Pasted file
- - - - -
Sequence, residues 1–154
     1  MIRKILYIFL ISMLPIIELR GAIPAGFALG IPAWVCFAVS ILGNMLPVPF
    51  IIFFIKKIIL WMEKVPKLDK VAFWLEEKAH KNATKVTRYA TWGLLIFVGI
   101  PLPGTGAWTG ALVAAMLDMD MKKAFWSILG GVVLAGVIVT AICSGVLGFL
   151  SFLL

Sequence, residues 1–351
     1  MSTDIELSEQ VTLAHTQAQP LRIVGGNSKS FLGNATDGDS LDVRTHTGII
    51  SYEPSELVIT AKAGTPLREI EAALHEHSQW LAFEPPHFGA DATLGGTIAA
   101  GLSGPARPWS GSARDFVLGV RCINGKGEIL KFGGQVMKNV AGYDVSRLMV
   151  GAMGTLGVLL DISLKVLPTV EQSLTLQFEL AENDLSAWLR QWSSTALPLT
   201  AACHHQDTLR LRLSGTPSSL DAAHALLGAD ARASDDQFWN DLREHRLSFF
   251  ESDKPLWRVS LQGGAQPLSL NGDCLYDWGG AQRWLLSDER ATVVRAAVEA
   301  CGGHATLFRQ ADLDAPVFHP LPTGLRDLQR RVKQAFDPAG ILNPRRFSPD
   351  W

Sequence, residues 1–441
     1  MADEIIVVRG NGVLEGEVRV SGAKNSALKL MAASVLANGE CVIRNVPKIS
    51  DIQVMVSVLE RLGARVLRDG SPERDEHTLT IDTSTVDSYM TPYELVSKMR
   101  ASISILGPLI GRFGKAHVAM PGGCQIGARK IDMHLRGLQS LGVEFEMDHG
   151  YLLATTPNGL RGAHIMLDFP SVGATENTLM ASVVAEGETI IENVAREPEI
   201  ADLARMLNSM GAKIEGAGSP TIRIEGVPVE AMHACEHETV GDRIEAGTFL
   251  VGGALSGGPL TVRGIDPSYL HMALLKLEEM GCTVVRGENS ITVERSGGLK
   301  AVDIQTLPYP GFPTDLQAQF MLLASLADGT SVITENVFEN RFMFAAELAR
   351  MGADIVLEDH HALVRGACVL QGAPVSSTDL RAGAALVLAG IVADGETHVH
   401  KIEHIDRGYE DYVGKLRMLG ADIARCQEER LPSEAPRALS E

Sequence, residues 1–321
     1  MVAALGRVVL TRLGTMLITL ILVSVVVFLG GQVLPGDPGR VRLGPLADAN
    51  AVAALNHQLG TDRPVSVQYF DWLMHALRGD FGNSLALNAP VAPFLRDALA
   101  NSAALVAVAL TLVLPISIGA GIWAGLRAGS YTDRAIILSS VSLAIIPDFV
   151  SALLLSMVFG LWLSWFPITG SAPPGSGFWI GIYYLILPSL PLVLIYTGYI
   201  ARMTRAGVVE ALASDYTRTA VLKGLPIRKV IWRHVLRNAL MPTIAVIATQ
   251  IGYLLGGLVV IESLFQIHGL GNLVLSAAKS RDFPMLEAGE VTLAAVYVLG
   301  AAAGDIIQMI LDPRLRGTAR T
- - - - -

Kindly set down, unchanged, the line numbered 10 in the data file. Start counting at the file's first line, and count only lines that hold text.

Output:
   151  GAMGTLGVLL DISLKVLPTV EQSLTLQFEL AENDLSAWLR QWSSTALPLT